There was more capacity than there was demand. So Infineon, ST, Onsemi, Intel, Renesas, NXP, etc. shut down production globally to match demand. In 2009 when automotive started ramping up, there was not enough capacity so they lengthened lead time from 16 weeks out to 42 weeks (which does absolutely nothing to improve delivery as it has NO effect on capacity).
The impact of lost demand is lost Labor and the lesser consequence of idle capital (L is purposely capitalized). If you want more demand, then you have to impact Labor as Labor spends money while Capital looks good and does nothing.
It took 1 full year to bring that capacity back on line for Fab (growing crystals) and Packaging (cutting them to size). We sat through weekly meeting with each supplier coercing, begging, and borrowing to get a couple of weeks supply to keep out production lines running for things such as key fobs.
This is nothing new that Summers stumbled upon. He is trying to get in front of the parade of common sense of what the demand driven of which the consumption economy consists. Don’t forget, it was he who stood in front of Congress and said Brooksley Born was throttling a market place because she was attempting to add transparently to derivatives (CDS, naked CDS, tranched MBS, etc) or investments which created profits for Capital sans Labor.
Summers channels Sandwichman!
The Sandwichman wrote back in January (Yasraeh’s Law), “I have described the lump-of-labor fallacy claim as ‘an inverted Say’s Law on steroids.'”
Larry Summers tweeted in February, “”The inverse of Say’s Law holds today: Lack of demand creates lack of potential supply.”
Not to take away from your thunder as you have been on the money long before I started reading you; but, this comment by Summers is just plain stupid. It is not even an awakening. This is just common sense.
I don’t know what Paul Krugman will say, but I don’t think anyone can ignore Larry Summers’ speech. It may take others some time to absorb the details.
Larry Summers seems to be firmly in the lead in internalizing the lessons of the Great Recession with his speech on Secular Stagnation and now this speech “Lack of Demand Creates Lack of Supply”.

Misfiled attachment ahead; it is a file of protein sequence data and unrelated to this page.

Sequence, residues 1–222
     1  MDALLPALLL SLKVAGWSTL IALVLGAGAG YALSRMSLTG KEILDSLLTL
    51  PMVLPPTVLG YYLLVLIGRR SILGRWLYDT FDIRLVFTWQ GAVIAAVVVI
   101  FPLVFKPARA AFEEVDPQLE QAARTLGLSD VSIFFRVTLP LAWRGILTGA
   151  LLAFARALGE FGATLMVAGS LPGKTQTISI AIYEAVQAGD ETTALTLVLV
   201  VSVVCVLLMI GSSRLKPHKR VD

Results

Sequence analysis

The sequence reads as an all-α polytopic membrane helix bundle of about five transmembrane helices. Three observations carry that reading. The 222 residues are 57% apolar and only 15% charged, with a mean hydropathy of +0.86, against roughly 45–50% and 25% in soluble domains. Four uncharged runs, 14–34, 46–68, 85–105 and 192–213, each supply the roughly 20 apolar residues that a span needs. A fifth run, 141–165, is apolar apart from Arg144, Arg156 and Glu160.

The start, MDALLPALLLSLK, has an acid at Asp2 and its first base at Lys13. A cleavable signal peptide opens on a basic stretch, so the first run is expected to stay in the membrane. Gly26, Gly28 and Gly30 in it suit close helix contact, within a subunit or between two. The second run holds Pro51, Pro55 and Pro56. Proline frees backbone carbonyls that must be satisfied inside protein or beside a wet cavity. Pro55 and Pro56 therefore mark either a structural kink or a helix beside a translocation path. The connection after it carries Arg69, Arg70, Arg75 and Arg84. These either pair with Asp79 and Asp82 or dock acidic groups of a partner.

I listened to part of his speech and stopped to see if I could locate a transcript. (I could not.) The speech is apparently based on a paper. This speech was done on 2 April 2014 at an event for the Center on Budget and Policy Priorities. (Full Employment Policy Proposals) It is on YouTube with better resolution here:
If you find a transcript please post a link. I did go back to listen to the remainder. His responses to questions were interesting too.
His “Inverse Say’s Law” certainly got my immediate attention. LOL
“Don’t forget, it was he who stood in front of Congress and said Brooksley Born was throttling a market place because she was attempting to add transparently to derivatives (CDS, naked CDS, tranched MBS, etc) or investments which created profits for Capital sans Labor.”
He, Alan Greenspan, Robert Rubin, and Arthur Levine.
We certainly would have been much better off if she had gotten her wish. How much of the housing bubble could have happened if the bankers had trouble hedging against their bundled home mortgage securities. Home mortgages made with very poor underwriting standards.
But the Great Recession would have happened anyway, only earlier, since the real problem was consumers’ wages stagnating. One refinance after another bought consumers some time, that was all.
The real problem was profits on Capital sans Labor. This mechanism cause the stagnation of wages as jobs dropped off the face of this earth. Summers testified in front of Congress, not the others.
Apparently there were at least 4 hearings on the subject.
Look here “The Warning” starting at 33:00 to about 36:00:
I see everyone there but Robert Rubin, perhaps I was mistaken about him.
I think your opinion of Larry Summers is about as bad as my opinion of Alan Greenspan. (50:30 on this video).
Makes you wonder how much of life is just being present at the right time.
I just hope that Larry Summers can jump start a conversation about effective demand. Somehow he still has the stature.
It’s good to go back and watch that video again. Thank you for posting the link to the video.
This seems to be the paper that Larry Summers was referring to in his speech:
See 1:07:00 in the YouTube video of the Larry Summers speech for confirmation info.
Larry Summers speech covered much more than the paper I referenced in the my last comment. (I still believe that this paper was the one he was referencing during his speech.)
This paper has no mention of Inverse Say’s Law, or effective demand. (There is a reference to aggregate demand.) It seems to be a defense of increased government spending or tax cuts during an economic downturn.
In my opinion, that may be a lesson for future Great Recessions but not for where we are now. The time and funds for that has been frittered away.
…increased government spending or tax cuts during an economic downturn…that may be a lesson for future Great Recessions but not for where we are now.
That was my first concern as I watched the video. Is he talking stimulus? If yes, then just what kind? Because, if he doesn’t mention a labor movement in some form or such words, then he’s not talking anything beyond what has been done for the politically advantaged.